Plantar Fasciitis

FAQs on Treatment for Plantar Fasciitis in Oklahoma

 

The plantar fascia is a band of tissue that is structurally similar to a tendon. The fascia starts at the heel and goes along the bottom portion of the foot. The plantar fascia attaches to each bone that forms the ball of the foot. Working like a rubber band between the ball of the foot and the heel, the plantar fascia also forms the arch of the foot.

 

How common is plantar fasciitis?

 

Plantar fasciitis affects 2 million Americans each year. Plantar fasciitis is a major cause of pain and disability among working people and athletes. In a survey of professional athlete’s physicians and trainers found that plantar fasciitis was among the five most prevalent foot and ankle injuries seen. Plantar fasciitis also accounts for 10% of runner-related injuries. The exact incidence by age is unknown, but the peak incidence occurs among those ages 40 to 60 years. Women are affected by plantar fasciitis twice as often as men, and race/ethnicity plays no role in the prevalence.

 

What causes the pain of plantar fasciitis?

 

Excessive stretching of the plantar fascia causes microtrauma of the band of tissue, either where it inserts in to the medial calcaneal tuberosity (heel region) or along the structure. Repetitive microtrauma can result in chronic degeneration of the plantar fascia fibers. Fasciitis refers to a degenerative process with inflammatory changes. Studies have shown that fasciosis, a chronic degenerative condition, is characterized histologically by fibroblastic hypertrophy, disorganized collagen, and absence of inflammatory cells.

 

What causes heel pain?

 

The fat pad covers the plantar fascia absorbs the shock of walking. Damage to this fascia causes heel pain. As a person ages, the plantar fascia becomes less elastic and more rigid, not stretching very well. The fat pad on the heel becomes thinner with age, and it cannot absorb much shock from walking. The extra shock damaged the fascia and may cause it to swell, bruise, and tear.

 

What are the risk factors for plantar fasciitis?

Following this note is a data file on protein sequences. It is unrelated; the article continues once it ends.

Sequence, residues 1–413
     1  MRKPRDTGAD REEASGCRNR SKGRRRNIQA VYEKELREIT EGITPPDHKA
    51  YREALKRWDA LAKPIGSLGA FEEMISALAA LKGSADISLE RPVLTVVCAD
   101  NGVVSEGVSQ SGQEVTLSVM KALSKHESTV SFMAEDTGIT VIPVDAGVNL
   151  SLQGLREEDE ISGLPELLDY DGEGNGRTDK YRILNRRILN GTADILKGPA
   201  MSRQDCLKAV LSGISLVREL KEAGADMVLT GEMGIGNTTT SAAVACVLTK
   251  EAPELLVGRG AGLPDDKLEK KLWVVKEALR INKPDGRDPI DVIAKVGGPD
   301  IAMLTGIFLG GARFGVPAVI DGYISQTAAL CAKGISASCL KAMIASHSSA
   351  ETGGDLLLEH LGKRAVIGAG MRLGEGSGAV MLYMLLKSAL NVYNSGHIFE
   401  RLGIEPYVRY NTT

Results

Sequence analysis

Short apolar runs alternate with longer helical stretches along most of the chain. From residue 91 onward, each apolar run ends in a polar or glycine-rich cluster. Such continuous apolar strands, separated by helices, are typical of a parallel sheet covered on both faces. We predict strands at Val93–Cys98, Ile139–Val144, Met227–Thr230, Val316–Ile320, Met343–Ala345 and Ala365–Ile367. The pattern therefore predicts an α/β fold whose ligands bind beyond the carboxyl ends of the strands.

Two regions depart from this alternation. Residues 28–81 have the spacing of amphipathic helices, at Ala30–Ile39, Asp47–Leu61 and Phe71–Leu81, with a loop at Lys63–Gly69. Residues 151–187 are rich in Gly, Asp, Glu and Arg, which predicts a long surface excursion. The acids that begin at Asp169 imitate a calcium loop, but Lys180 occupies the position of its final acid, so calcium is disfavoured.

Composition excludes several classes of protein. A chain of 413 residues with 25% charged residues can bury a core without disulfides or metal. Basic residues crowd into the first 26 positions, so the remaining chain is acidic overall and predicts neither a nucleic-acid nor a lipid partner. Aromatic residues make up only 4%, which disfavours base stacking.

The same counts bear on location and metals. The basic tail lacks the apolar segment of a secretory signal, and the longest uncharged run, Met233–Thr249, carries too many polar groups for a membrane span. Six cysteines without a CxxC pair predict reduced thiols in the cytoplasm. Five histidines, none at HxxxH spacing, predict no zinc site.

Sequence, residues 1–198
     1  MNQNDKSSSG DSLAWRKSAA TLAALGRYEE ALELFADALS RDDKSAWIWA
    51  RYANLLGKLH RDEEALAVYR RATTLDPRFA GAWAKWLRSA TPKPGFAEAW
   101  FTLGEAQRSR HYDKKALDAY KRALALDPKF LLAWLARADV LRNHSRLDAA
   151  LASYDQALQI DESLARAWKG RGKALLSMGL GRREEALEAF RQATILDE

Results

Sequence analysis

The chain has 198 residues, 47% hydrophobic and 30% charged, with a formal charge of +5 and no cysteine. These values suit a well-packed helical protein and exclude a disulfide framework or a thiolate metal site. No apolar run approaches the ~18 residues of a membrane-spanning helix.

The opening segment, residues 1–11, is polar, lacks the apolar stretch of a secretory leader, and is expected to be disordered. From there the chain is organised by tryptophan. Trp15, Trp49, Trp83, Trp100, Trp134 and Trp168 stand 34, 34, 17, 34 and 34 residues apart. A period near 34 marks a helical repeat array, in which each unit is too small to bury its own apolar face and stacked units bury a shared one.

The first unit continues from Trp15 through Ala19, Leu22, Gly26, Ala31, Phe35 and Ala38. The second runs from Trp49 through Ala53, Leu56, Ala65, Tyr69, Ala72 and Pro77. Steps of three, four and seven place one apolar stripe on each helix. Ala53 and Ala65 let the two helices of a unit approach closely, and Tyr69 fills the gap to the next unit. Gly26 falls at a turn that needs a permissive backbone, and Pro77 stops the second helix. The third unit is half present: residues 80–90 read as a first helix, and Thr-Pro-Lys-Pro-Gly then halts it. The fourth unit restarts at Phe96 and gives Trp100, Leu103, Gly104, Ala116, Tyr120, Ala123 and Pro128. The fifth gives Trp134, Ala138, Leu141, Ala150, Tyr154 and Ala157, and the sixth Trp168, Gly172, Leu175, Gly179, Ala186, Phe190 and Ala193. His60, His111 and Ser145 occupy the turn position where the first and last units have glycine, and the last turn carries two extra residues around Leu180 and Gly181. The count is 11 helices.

Risk factors for plantar fasciitis include:

 

  • Diabetes
  • Overweight and obesity
  • Becoming active in a short amount of time
  • Spending all day on your feet
  • Being flat-footed or having a high arch

 

How is plantar fasciitis diagnosed?

 

When you see the doctor, he/she will ask about the type of pain you have, when it occurs, and how long you have had it. Most people with plantar fasciitis report pain when standing up for the first time after sleep. In addition, the pain is described as a pin or knife sensation at the bottom of the foot. After standing, the pain becomes more of a dull aching sensation.

 

How is plantar fasciitis treated?

 

Regenerative medicine physicians are using stem cells and platelet-rich plasma (PRP) to treat plantar fasciitis. In a 32-week study involving patients with moderate-to-severe chronic plantar fasciitis, researchers compared corticosteroid injections to PRP injections. The results showed that PRP was much more effective than other therapies.

 

Mesenchymal stem cells (MSCs) have been used during the last 10 years in many animal and human studies. MSC-based clinical trials have been conducted on 12 different pathological conditions and shown efficacy and safety. Stem cells therapy works for plantar fasciitis also. In a study where stem cells were used in 11 people, 45% showed an immunosuppressive response to stem cell infusions. In addition, 66% of patients had slight improvement in another study when given a stem cell transplantation.

 

Resources

  • American Medical Society for Sports Medicine. (2013). Platelet-rich plasma is most effective treatment for chronic heel pain, study suggests. ScienceDaily. Retrieved June 4, 2017 from www.sciencedaily.com/releases/2013/04/130422100815.htm
  • Le Blanc K, Frassoni F, Ball L, Locatelli F, Roelofs H, Lewis I, Lanino E, Sundberg B, Bernardo ME, Remberger M: Mesenchymal stem cells for treatment of steroid-resistant, severe, acute graft-versus-host disease: a phase II study. Lancet. 2008, 371: 1579-1586. 10.1016/S0140-6736(08)60690-X.
  • Muller I, Kordowich S, Holzwarth C, Isensee G, Lang P, Neunhoeffer F, Dominici M, Greil J, Handgretinger R: Application of multipotent mesenchymal stromal cells in pediatric patients following allogeneic stem cell transplantation. Blood Cells Mol Dis. 2008, 40: 25-32. 10.1016/j.bcmd.2007.06.021.
  • Solomon A, Waingarten M, Alviano F, et al. (2005). Suppression of inflammatory and fibrotic responses in allergic inflammation by the amniotic membrane stromal matrix. Clin Exp All, 35(7), 941-948.

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